Individuals and Societies. More commonly, these subjects are collectively known as the human sciences or social sciences. Group 3 subjects, explore the interactions between humans and their environment in time, space and place.
History is more than the study of the past. It is the process of recording, reconstructing and interpreting the past through the investigation of a variety of sources. It is a discipline that gives people an understanding of themselves and others in relation to the world, both past and present.
Students of history should learn how the discipline works. It is an exploratory subject that poses questions without providing definitive answers. In order to understand the past, students must engage with it both through exposure to primary historical sources and through the work of historians. Historical study involves both selection and interpretation of data and critical evaluation of it. Students of history should appreciate the relative nature of historical knowledge and understanding, as each generation reflects its own world and preoccupations and as more evidence emerges. A study of history both requires and develops an individual’s understanding of, and empathy for, people living in other periods and contexts.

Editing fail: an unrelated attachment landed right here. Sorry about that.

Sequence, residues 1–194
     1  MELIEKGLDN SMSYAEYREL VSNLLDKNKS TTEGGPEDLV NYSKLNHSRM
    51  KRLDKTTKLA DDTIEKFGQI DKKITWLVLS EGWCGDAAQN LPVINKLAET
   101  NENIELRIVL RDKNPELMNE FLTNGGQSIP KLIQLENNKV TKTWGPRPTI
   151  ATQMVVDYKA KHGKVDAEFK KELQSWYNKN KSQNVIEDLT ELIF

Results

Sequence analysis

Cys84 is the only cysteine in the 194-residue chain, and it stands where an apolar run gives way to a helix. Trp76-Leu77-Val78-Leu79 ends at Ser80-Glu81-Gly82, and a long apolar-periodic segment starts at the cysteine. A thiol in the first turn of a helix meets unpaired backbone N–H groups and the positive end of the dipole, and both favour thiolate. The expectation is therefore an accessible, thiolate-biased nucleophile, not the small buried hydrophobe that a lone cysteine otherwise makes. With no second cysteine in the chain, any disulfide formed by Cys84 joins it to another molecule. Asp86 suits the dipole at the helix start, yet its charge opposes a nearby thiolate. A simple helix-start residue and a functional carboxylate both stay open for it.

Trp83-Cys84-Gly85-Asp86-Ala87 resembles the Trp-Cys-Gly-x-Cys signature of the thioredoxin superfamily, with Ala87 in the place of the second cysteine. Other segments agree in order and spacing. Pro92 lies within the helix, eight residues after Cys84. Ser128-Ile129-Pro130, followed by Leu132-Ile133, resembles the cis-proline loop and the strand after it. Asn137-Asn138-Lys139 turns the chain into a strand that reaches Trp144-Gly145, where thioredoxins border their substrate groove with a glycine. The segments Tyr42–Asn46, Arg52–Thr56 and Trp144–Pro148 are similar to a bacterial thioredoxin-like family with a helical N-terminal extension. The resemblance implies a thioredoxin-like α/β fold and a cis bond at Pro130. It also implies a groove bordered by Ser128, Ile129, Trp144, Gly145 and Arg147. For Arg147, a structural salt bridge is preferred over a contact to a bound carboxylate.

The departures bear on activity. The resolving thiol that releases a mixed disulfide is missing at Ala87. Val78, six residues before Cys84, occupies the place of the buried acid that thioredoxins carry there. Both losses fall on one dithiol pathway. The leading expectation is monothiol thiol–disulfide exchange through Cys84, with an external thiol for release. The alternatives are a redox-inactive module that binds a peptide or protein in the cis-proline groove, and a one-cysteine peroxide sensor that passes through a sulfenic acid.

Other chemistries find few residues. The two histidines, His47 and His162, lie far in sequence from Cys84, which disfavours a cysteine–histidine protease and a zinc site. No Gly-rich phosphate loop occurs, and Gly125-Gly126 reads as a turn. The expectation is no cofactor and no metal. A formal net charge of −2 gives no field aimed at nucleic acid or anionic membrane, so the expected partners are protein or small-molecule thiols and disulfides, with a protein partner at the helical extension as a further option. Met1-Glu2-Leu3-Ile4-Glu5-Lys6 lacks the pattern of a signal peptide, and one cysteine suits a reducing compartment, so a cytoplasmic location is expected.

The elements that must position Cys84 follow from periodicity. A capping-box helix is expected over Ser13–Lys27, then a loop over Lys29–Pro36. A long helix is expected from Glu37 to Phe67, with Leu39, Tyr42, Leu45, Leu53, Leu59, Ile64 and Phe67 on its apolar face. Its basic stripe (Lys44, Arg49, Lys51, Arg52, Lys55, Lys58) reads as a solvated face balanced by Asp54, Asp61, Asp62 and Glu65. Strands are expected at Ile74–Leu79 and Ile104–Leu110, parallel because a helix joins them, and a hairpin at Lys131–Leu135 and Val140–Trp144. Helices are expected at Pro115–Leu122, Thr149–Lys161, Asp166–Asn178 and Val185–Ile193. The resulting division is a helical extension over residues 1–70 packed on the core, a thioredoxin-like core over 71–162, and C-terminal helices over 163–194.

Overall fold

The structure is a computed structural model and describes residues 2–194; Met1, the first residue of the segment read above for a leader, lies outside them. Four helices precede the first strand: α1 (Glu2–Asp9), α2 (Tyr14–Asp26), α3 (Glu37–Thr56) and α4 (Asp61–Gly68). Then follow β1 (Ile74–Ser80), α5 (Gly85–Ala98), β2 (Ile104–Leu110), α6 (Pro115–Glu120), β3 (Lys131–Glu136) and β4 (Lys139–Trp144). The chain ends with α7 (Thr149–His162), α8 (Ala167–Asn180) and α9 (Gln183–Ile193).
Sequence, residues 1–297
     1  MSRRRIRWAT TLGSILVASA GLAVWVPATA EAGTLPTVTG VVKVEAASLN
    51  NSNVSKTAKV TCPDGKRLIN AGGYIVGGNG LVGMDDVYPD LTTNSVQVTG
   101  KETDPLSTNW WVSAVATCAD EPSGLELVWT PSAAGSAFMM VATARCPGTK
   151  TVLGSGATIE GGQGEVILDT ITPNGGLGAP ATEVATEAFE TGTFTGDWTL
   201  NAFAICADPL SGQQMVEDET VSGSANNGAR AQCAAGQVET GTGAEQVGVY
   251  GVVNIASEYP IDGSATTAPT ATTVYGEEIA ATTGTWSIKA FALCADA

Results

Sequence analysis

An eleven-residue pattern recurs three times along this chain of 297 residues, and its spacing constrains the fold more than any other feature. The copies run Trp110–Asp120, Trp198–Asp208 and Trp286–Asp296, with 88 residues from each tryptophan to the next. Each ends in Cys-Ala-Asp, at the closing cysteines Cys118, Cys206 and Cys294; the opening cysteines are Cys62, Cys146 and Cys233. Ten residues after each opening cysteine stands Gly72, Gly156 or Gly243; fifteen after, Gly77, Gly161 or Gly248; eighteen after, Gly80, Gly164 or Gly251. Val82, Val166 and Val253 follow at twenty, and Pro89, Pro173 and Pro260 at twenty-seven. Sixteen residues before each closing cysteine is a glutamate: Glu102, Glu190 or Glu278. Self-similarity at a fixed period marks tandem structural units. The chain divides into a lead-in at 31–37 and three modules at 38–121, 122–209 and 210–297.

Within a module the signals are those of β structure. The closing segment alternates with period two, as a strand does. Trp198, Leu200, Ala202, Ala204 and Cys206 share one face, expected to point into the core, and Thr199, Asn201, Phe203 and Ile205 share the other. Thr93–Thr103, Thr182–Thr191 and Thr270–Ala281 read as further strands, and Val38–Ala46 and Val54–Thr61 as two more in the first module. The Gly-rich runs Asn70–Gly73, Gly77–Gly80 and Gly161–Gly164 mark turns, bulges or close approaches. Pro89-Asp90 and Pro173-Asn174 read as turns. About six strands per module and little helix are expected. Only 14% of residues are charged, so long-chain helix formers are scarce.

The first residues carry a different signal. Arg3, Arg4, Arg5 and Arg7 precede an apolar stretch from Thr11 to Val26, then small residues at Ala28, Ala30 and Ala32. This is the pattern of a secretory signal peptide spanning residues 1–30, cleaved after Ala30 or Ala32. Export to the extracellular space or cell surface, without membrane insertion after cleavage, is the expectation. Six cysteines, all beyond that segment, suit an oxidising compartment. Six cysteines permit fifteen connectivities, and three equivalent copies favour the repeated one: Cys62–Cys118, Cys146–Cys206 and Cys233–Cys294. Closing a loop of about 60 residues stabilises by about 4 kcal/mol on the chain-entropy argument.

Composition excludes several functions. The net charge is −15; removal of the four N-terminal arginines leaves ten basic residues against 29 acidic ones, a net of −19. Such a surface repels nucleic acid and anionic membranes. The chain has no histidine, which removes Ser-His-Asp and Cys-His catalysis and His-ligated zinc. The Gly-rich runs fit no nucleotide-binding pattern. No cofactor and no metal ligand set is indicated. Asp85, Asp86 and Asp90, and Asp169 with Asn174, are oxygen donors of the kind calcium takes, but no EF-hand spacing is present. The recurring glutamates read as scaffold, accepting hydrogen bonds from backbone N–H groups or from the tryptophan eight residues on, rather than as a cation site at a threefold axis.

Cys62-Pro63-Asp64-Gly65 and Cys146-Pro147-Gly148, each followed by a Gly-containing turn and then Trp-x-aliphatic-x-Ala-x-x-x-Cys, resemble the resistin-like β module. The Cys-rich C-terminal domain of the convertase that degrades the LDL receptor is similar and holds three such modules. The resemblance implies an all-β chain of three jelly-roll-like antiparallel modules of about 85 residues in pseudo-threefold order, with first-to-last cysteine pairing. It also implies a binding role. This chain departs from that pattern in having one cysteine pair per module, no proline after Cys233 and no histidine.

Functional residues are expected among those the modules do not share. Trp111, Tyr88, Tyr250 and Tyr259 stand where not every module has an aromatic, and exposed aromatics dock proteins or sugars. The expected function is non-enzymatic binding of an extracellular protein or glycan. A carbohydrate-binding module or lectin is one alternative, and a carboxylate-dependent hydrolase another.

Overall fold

History HL core syllabus comprising an in-depth study of an individual prescribed subject and the selection of two topics. FMHS IB students study route 2 that encompasses the main developments in 20th century world history.
Thus, Diploma Programme history provides both structure and flexibility, fostering an understanding of major historical events in a global context. It requires students to make comparisons between similar and dissimilar solutions to common human situations, whether they be political, economic or social. It invites comparisons between, but not judgments of, different cultures, political systems and national traditions.
The content of the history course is intrinsically interesting and it is hoped that many students who follow it will become fascinated with the discipline, developing a lasting interest in it, whether or not they continue to study it formally.
The international perspective in Diploma Programme history provides a sound platform for the promotion of international understanding and, inherently, the intercultural awareness necessary to prepare students for global citizenship. Above all, it helps to foster respect and understanding of people and events in a variety of cultures throughout the world.